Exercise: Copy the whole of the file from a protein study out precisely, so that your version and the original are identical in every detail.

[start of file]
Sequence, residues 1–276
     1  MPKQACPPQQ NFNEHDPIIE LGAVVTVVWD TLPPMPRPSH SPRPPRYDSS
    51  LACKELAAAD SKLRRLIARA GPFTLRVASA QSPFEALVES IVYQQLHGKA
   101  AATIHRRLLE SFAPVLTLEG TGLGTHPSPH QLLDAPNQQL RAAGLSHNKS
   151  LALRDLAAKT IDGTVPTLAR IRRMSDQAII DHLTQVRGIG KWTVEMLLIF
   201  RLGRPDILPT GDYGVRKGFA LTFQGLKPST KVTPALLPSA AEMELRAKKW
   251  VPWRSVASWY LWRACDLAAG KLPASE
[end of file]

Sequence, residues 1–276
     1  MPKQACPPQQ NFNEHDPIIE LGAVVTVVWD TLPPMPRPSH SPRPPRYDSS
    51  LACKELAAAD SKLRRLIARA GPFTLRVASA QSPFEALVES IVYQQLHGKA
   101  AATIHRRLLE SFAPVLTLEG TGLGTHPSPH QLLDAPNQQL RAAGLSHNKS
   151  LALRDLAAKT IDGTVPTLAR IRRMSDQAII DHLTQVRGIG KWTVEMLLIF
   201  RLGRPDILPT GDYGVRKGFA LTFQGLKPST KVTPALLPSA AEMELRAKKW
   251  VPWRSVASWY LWRACDLAAG KLPASE